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Enemy of the State

593 customer reviews

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(Jun 15, 1999)
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Product Description

Hot Hollywood favorite Will Smith (MEN IN BLACK, INDEPENDENCE DAY) stars with Academy Award(R)-winner Gene Hackman (Best Actor, UNFORGIVEN, 1992, THE FRENCH CONNECTION, 1971) in a high-powered suspense thriller where nonstop action meets cutting-edge technology. Robert Clayton Dean (Smith) is a successful Washington, D.C., attorney who -- without his knowledge -- is given a video that ties a top official of the National Security Agency (Oscar(R)-winner Jon Voight, Best Actor, 1978, COMING HOME) to a political murder. Instantly, every aspect of Dean's once-normal life is targeted by a lethal team of skilled NSA surveillance operatives, who wage a relentless, ultra-high-tech campaign to discredit him and retrieve the incriminating evidence. Also featuring Regina King (JERRY MAGUIRE, BOYZ N THE HOOD) in an impressive, star-studded cast -- get ready for the action to explode as Dean desperately races to reclaim his life and prove his innocence before it's too late.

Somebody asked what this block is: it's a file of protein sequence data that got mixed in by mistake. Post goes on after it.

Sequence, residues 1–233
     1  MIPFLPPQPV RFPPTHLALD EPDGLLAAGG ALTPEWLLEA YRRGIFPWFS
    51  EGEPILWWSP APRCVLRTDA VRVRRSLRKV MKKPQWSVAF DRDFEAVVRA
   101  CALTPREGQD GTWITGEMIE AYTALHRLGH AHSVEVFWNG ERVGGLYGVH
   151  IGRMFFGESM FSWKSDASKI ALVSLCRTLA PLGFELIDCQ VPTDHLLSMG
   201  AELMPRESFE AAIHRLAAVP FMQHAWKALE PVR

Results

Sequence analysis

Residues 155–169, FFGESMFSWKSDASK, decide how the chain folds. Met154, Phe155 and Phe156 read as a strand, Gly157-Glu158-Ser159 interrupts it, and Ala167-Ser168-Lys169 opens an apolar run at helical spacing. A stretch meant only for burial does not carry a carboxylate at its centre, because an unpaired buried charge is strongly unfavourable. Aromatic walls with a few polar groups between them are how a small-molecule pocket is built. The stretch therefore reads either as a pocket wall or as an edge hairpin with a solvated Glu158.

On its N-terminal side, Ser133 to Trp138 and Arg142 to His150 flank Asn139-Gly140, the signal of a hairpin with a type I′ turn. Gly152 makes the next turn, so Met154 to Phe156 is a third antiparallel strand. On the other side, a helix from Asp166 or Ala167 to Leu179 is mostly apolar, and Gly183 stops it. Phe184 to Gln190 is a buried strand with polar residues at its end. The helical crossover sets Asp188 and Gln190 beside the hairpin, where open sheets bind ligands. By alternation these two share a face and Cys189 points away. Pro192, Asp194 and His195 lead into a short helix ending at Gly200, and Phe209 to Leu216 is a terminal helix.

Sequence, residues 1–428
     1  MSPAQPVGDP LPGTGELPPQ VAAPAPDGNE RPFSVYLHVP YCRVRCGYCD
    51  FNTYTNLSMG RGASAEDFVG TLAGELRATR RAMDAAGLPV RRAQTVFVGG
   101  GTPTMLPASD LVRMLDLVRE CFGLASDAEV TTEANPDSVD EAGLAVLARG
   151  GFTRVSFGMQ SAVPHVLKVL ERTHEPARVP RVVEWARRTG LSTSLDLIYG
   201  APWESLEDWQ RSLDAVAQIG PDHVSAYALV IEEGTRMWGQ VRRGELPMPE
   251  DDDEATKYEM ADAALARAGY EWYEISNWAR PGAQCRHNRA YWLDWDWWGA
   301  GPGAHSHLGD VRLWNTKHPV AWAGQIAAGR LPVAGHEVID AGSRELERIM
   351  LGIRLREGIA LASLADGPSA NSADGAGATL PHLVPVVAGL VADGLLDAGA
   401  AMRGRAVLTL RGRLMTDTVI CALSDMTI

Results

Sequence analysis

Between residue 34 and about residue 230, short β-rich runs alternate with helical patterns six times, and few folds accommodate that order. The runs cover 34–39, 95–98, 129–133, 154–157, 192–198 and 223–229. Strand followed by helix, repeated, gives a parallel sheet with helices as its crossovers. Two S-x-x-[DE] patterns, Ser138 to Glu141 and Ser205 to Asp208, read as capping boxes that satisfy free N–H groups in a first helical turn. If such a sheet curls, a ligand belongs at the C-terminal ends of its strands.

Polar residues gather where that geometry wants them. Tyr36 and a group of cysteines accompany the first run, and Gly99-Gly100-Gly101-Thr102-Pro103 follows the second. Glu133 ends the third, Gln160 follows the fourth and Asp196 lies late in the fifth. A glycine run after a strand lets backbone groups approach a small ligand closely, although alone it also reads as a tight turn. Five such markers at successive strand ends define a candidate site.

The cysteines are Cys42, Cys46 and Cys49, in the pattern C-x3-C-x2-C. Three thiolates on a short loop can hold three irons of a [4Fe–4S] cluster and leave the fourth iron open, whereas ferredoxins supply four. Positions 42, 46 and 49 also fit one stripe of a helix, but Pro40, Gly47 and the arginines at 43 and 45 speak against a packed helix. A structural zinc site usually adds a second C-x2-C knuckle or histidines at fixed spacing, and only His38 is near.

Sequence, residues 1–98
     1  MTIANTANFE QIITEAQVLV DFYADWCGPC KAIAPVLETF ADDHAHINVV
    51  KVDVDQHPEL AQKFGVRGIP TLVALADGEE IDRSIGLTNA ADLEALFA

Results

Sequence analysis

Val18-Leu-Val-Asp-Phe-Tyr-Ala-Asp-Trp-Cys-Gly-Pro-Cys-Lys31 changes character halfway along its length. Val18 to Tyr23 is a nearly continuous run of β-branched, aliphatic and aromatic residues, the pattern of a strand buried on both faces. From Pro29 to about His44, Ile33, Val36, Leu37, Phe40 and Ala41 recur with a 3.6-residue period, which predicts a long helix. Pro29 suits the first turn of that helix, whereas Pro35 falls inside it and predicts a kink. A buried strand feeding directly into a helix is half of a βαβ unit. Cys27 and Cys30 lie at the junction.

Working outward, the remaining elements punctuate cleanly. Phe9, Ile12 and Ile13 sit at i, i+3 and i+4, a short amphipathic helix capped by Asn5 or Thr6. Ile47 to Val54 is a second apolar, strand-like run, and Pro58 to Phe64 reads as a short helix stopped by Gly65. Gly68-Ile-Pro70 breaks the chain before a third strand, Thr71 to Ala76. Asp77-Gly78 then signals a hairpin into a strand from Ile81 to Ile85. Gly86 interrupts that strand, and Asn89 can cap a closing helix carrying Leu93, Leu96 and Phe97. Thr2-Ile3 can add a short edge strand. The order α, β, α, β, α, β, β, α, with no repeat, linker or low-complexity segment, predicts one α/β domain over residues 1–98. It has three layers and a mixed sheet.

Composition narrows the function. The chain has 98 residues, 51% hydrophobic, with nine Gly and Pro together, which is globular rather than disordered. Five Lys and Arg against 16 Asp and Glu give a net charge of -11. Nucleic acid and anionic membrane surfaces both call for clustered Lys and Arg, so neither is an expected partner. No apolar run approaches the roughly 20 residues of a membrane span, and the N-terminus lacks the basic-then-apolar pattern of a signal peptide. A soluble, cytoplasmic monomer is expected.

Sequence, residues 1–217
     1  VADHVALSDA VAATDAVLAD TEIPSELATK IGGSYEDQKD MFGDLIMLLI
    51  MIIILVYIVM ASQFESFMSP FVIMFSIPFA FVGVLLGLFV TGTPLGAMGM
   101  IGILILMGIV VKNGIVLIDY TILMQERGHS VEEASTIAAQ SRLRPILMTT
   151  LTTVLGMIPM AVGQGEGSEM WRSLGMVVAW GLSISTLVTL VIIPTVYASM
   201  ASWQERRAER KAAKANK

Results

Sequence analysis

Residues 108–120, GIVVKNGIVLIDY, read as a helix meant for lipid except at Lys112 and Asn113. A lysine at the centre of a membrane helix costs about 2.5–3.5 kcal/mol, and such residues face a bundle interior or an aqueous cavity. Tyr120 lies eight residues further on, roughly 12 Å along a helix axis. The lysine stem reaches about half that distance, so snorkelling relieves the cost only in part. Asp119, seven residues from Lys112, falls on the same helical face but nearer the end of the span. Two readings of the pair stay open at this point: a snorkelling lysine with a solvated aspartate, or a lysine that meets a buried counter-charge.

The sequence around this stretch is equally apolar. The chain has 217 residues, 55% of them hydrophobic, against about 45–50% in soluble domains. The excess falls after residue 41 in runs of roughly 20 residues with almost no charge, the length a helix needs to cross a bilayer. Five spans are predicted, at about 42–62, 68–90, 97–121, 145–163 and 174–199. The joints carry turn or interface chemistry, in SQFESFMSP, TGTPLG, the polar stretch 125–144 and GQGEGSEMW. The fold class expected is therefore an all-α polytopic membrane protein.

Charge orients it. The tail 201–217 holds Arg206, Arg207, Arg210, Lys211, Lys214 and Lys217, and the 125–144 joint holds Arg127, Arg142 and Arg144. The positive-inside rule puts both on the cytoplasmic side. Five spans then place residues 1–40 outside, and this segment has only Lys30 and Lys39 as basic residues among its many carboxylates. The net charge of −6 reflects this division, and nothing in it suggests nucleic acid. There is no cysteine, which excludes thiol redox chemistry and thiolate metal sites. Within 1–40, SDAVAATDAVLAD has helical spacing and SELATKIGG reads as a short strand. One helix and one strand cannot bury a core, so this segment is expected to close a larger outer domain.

Robert Clayton Dean (Will Smith) is a lawyer with a wife and family whose happily normal life is turned upside down after a chance meeting with a college buddy (Jason Lee) at a lingerie shop. Unbeknownst to the lawyer, he's just been burdened with a videotape of a congressman's assassination. Hot on the tail of this tape is a ruthless group of National Security Agents commanded by a belligerently ambitious fed named Reynolds (Jon Voight). Using surveillance from satellites, bugs, and other sophisticated snooping devices, the NSA infiltrates every facet of Dean's existence, tracing each physical and digital footprint he leaves. Driven by acute paranoia, Dean enlists the help of a clandestine former NSA operative named Brill (Gene Hackman), and Enemy of the State kicks into high-intensity hyperdrive.

Teaming up once again with producer Jerry Bruckheimer, Top Gun director Tony Scott demonstrates his glossy style with clever cinematography and breakneck pacing. Will Smith proves that there's more to his success than a brash sense of humor, giving a versatile performance that plausibly illustrates a man cracking under the strain of paranoid turmoil. Hackman steals the show by essentially reprising his role from The Conversation--just imagine his memorable character Harry Caul some 20 years later. Most of all, the film's depiction of high-tech surveillance is highly convincing and dramatically compelling, making this a cautionary tale with more substance than you'd normally expect from a Scott-Bruckheimer action extravaganza. --Jeremy Storey